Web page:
The continued delay places the financial future of Eurotunnel in jeopardy as it will lose a million pounds a day in revenue and, possibly more importantly, public confidence in the project.
The announcement by SNCF came amid growing fears that severe devastation has been caused to the northbound tunnel and that smoke may have also damaged signalling and controls on the Southbound side.
The fire on Monday night occurred near one of the tunnel's two crossover points and it is thought that smoke could have penetrated onto the other line but Eurotunnel refused to comment on the extent of damage last night apart from calling it "severe".
John Whitwell, deputy secretary of the Institution of Civil Engineers, said that the tunnel was lined with 290mm thick concrete, heavily reinforced with steel, and that this will have fallen off. He said that a similar fire in the Storebaelt tunnel in Denmark had caused extensive damage and much cracking of concrete. The worst problem would be cleaning off the soot: "The soot will cake on conductors and signalling equipment, which will take a very long time to clean off." He said it was likely that the northbound tunnel would take months to repair.
For most of yesterday, Eurotunnel's own engineering teams and officials from the Inter-Governmental Safety Commission met in Calais to discuss the conditions of the tunnel but refused to grant Eurotunnel permission to run any services.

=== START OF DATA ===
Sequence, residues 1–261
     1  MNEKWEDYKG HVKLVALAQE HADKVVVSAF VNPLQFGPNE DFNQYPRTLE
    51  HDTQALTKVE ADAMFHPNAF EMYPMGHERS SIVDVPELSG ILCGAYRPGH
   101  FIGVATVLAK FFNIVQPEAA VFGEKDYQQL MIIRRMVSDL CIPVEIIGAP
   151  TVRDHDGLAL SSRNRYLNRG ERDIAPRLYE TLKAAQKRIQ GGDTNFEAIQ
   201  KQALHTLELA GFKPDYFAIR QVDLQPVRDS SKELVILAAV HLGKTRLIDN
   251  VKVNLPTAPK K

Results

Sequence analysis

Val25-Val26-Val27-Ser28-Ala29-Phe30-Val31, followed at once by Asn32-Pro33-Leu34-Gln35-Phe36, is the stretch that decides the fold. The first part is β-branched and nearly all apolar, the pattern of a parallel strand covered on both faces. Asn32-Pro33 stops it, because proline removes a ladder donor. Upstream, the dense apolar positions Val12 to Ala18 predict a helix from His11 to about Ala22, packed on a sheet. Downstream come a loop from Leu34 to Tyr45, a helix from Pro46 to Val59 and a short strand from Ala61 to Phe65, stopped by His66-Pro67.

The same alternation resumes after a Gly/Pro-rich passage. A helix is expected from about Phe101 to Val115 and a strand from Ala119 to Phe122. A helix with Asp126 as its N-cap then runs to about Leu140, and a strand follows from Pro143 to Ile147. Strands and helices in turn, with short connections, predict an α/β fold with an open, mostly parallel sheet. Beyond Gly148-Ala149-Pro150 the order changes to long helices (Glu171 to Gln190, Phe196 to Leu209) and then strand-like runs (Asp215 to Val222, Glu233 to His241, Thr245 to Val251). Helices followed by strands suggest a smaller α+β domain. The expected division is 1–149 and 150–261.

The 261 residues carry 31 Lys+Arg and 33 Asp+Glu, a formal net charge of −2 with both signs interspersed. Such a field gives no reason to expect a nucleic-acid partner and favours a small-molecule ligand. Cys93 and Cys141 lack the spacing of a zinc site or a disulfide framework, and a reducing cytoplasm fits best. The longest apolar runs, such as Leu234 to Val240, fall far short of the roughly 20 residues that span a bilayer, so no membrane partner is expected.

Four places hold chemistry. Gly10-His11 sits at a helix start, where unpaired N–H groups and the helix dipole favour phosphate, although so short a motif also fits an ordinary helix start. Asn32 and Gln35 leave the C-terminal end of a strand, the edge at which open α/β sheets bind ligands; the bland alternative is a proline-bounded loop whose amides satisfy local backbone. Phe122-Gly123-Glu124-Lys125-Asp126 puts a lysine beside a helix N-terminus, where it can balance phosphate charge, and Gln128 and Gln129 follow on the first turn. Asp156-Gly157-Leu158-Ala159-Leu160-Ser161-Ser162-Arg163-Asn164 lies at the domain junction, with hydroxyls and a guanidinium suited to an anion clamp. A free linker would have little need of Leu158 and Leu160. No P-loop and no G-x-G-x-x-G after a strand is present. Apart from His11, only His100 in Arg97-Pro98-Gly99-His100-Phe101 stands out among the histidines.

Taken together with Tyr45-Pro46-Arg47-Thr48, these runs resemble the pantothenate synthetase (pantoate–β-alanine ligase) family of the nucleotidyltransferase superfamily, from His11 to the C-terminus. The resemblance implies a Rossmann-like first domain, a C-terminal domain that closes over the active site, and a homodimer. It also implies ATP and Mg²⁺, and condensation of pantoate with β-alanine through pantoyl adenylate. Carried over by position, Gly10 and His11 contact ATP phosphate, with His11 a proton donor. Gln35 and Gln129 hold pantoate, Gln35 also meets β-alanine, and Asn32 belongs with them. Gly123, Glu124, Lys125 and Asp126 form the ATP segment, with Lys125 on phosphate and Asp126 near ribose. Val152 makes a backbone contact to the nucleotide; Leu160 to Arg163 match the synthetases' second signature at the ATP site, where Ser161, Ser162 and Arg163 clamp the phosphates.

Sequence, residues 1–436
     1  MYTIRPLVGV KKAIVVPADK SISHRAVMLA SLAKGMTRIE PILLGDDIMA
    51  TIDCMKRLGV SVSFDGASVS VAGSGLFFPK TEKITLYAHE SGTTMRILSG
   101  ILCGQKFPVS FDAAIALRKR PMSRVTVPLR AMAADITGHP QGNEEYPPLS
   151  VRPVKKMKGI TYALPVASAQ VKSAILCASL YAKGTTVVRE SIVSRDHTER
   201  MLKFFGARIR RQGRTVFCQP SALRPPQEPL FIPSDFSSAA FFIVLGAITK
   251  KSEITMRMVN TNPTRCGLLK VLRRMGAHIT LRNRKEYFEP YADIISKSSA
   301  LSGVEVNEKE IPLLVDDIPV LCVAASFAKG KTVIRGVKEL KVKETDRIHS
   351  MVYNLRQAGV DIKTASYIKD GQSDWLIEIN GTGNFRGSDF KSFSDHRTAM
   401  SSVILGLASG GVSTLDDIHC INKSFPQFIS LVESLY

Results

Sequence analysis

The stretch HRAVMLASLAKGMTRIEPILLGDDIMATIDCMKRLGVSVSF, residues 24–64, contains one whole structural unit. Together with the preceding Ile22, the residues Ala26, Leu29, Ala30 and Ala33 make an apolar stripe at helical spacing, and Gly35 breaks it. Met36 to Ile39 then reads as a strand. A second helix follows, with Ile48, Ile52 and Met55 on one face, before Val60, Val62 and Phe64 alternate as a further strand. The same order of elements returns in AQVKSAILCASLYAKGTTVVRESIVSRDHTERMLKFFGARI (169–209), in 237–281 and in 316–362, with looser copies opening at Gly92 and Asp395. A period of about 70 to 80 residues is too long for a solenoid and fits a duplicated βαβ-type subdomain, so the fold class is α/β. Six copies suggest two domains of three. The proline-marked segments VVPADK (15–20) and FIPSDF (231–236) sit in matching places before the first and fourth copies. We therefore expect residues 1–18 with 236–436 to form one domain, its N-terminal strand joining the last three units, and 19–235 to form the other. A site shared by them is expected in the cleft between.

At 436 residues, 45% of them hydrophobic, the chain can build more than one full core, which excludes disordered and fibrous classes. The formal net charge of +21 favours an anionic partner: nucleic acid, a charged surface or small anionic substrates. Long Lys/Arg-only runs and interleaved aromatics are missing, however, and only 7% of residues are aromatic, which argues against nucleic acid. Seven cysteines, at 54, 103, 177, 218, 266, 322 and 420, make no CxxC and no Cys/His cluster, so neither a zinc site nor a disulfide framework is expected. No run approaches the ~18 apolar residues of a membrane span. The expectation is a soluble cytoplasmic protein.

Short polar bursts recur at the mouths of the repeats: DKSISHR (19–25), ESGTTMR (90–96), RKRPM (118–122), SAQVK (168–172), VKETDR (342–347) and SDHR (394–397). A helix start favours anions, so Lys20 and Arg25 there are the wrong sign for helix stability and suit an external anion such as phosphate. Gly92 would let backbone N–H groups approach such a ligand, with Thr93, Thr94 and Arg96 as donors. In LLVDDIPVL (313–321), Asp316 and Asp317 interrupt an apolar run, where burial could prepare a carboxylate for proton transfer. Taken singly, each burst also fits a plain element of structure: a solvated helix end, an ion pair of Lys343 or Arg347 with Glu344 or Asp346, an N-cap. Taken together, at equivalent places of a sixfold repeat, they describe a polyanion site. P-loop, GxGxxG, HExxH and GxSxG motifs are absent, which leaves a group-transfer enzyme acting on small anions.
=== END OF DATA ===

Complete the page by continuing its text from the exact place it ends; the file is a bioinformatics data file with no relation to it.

While the undamaged part of the train has been taken out at the Folkestone end, the wrecked section of 14 wagons will be taken out in France today after the wheels have been separated from the rails to which they have become welded. The company may attempt to take it out at night to avoid the world's cameras focussing on the sight which will be of great embarrassment to the troubled company.
Firefighters urged the Government to keep the channel tunnel closed until strict new safety measures were enforced. Ken Cameron, general secretary of the Fire Brigades Union, accused management of "complacency".
The firefighters' leader set out three principles for the safe operation of the route including the introduction of enclosed rolling stock for transporting lorries rather than the present open cage-like trucks.
Mr Cameron called for the tunnel to come under the jurisdiction of the Health and Safety Executive - an independent agency funded by the British government - rather than the Channel Tunnel Safety Authority which operated under the auspices of the Inter-Governmental Committee.
Mr Cameron's call was backed by Colin Brown, deputy research director of Consumers' Association, who said: "The operating licence for both freight and car-carrying shuttle services should be suspended until major safety problems are solved".Reuse content